How you can make a loss when the share goes up in your favour!
Let’s say you buy 11 Sasol stocks on the stock market at R442.00.
It will cost you R4,862 (R442 X 11 stocks) to own these 11 Sasol stocks.
But that’s before the trading costs.
On this stock transaction you’ll pay R138.61 in trading costs.
(I’ll explain how to calculate thses costs later on in this article)
That means you’ll pay R5,000.61 for your Sasol stocks (R4,862 + R138.61).
Now let’s say the share price goes up 5.2% to R465.00.
You’d think that if a stock goes up 5.2%, you’d be well on your way to making a profit.
But that’s where things get a little sneaky!
You see, although your 11 stocks will now be worth R5,115 (R465 X 11 Sasol stocks), you still have to pay more
fees when you sell.
On this transaction, you’d have to pay additional trading costs of R127, to sell your stocks.
If you take the difference between what you spent on your stocks and fees and what you got out, you’ll see that you actually made a loss from this Sasol trade.
[Full calculation: (R5,115 – R4,862 – R138.61 – R127) = - R12.61
Because you would have made a –R12.61 loss (R4,988 – R5,000) instead of any kind of profit.
In my opinion, this is unacceptable!
So that’s why you need to know exactly how to calculate these trading costs before you start buying or selling stocks on the stock market.
Here are the four trading costs you have to pay when you buy and sell stocks!
Cost #1: Stock broker fees
The fee your stock broker will charge you is called the brokerage or commission amount.
Your stock broker will charge you this fee for helping you buy or sell the stocks you want.
They generally have a minimum fee of between R85 and R150 per leg in and leg out of your stock transaction.
You need to find out what the broker rate and minimum broker fee is from your stock broker
Cost #2: Trading taxes
STT or Securities Transfer Tax.
This is also known as MST or Marketable Securities Tax which is a government tax that no one can get away from.
It’s 0.25% of the total price that you buy the stocks. The good news however is that, you’ll only pay this tax when you buy stocks and not
when you sell them.
Tax #2: N
ormal VAT charges
This is the 14% that you’ll pay on the brokerage amount and other service fees.
Cost #3: STRATE settlement costs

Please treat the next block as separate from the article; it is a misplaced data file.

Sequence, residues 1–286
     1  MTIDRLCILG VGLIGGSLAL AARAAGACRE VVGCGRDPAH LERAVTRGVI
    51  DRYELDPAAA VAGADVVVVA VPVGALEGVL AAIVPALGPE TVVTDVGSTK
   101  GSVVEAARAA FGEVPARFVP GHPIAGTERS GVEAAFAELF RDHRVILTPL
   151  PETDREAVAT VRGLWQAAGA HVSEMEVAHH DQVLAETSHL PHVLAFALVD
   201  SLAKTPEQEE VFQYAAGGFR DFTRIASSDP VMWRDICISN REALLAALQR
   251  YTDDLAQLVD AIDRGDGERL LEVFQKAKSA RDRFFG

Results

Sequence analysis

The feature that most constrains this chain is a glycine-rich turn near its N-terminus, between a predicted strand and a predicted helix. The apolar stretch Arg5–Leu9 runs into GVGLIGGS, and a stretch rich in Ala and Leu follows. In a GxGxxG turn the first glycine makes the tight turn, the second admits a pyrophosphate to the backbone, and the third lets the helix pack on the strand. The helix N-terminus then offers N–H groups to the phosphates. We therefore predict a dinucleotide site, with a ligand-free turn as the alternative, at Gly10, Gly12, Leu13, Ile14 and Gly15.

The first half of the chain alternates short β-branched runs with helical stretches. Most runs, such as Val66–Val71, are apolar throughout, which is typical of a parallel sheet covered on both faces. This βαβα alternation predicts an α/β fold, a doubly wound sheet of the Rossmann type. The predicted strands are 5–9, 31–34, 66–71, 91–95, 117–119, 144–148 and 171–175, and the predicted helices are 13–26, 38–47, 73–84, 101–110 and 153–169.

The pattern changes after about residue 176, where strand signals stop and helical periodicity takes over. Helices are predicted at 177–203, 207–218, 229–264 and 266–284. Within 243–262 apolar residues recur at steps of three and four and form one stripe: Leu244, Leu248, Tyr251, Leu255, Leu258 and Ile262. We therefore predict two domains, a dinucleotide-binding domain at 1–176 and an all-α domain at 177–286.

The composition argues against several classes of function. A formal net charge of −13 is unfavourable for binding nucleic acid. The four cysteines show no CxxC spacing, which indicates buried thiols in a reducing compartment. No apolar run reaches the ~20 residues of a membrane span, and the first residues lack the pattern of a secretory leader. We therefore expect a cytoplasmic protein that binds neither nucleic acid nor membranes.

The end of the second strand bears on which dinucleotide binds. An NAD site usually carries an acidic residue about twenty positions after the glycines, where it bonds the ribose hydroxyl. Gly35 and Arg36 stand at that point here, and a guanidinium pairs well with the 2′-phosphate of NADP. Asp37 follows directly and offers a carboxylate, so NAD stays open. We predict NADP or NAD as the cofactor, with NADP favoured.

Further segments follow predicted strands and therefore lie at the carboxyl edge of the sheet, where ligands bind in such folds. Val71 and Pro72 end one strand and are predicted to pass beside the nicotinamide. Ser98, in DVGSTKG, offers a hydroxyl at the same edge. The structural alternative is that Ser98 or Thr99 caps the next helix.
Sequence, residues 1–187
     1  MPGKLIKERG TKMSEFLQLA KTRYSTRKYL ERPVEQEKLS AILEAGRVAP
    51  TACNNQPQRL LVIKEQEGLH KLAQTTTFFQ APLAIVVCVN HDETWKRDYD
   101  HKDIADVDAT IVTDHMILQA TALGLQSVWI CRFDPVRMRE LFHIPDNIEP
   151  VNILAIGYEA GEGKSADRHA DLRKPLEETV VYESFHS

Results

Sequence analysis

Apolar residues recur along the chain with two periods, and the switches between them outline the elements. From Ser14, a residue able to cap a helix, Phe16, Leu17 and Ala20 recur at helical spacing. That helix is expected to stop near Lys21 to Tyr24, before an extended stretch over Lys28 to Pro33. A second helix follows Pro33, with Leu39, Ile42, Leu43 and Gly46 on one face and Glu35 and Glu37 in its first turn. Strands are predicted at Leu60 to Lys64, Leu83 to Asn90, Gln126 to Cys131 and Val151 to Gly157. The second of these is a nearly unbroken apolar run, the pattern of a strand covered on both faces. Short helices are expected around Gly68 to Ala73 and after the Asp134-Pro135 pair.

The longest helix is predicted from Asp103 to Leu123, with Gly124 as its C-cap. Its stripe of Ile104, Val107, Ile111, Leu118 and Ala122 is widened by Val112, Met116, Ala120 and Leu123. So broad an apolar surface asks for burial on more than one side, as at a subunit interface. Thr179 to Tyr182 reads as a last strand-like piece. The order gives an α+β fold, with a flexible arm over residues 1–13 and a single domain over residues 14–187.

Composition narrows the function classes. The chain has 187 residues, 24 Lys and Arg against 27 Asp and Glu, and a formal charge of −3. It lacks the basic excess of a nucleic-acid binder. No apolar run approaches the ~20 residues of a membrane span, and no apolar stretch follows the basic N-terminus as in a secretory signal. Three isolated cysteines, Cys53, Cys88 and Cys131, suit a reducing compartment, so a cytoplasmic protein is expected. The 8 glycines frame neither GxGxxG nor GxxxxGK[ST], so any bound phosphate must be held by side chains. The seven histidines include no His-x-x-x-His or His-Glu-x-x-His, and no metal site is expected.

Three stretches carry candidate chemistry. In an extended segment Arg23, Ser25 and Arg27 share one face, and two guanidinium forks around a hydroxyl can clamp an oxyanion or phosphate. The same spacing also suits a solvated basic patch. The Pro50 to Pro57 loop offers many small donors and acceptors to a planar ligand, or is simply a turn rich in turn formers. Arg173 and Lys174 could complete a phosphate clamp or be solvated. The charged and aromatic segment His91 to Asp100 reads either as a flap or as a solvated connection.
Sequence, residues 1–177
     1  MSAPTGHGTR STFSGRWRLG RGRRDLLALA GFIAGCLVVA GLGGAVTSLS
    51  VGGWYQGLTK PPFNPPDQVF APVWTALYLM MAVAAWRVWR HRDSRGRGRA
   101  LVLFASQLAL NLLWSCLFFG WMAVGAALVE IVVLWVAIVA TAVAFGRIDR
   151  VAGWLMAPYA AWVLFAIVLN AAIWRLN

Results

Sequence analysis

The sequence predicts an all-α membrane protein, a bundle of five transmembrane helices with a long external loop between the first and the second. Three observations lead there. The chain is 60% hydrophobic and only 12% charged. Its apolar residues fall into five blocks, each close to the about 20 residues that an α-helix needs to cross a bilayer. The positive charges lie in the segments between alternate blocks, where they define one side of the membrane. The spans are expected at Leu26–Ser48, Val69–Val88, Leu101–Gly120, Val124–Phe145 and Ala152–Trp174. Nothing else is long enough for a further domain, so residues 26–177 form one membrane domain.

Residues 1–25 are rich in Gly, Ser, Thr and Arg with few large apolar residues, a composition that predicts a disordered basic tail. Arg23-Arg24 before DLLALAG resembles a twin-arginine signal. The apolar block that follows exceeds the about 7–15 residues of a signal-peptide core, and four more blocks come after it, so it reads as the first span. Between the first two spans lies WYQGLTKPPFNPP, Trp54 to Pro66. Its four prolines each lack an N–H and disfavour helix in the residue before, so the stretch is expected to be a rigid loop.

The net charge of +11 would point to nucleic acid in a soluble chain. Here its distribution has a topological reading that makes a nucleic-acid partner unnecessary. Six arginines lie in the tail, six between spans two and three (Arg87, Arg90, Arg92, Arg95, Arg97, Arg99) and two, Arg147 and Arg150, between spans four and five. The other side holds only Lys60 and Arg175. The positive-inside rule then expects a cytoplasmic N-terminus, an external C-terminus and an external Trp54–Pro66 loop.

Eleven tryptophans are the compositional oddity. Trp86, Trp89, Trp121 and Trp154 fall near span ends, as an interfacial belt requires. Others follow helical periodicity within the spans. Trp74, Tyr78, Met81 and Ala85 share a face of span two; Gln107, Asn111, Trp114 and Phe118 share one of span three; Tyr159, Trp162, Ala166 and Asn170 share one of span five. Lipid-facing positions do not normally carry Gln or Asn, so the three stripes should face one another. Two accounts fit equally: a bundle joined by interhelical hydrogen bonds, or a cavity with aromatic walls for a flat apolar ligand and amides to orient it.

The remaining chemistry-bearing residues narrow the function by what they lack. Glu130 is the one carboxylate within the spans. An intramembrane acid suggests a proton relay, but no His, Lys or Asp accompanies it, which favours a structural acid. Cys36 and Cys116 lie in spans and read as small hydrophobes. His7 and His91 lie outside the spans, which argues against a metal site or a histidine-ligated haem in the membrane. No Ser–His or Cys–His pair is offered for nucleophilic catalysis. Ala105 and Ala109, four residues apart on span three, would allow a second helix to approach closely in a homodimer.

The STRATE cost is what you pay for the electronic settlement of your shares which is concluded on the JSE.
This is R10.92 (or R12.45 including VAT) for transactions up to the value of R200,000. If you buy a transaction that is greater than
R200,000, it’s 0.005459% (excluding VAT).
If the transaction is larger than R1 million, then it’s R54.59 (excluding VAT).
Cost #4: Insider Protection Levy (IPL)
The IPL is a negligible cost you’ll pay when you buy and sell your stocks which is used to fund insider trading and market
In fact, The IPL is only 0.0002% of the buy or sell price of the shares.
So there you have it, everything you need to know about the different costs you’ll pay when you buy and sell stocks.
So what can you do to profit instead?
The single greatest trading secret you’ll ever come across
It requires NO effort, ZERO skill, and NO hassle...
Set this up now, and you could have your first pay out in your hands in the next few days.
I’ve created a special Trading Calculator that you can use every time you buy and sell a stock, to make sure you’ll profit should the trade
go up in your favour!
All you need to do is put in:
The number of stocks you want to buy and sell
The stock price of where you want to get in and out of your trade
Your broker rate which you can find out from your broker
Once you put these trade specifics in the calculator, you can then see what you need to do to make a profit with your trade.
Play around with this calculator and you can be sure to avoid losses in the future.
So simply click here and claim your Trading Calculator right now!
Always keep in mind,
“Wisdom yields Wealth”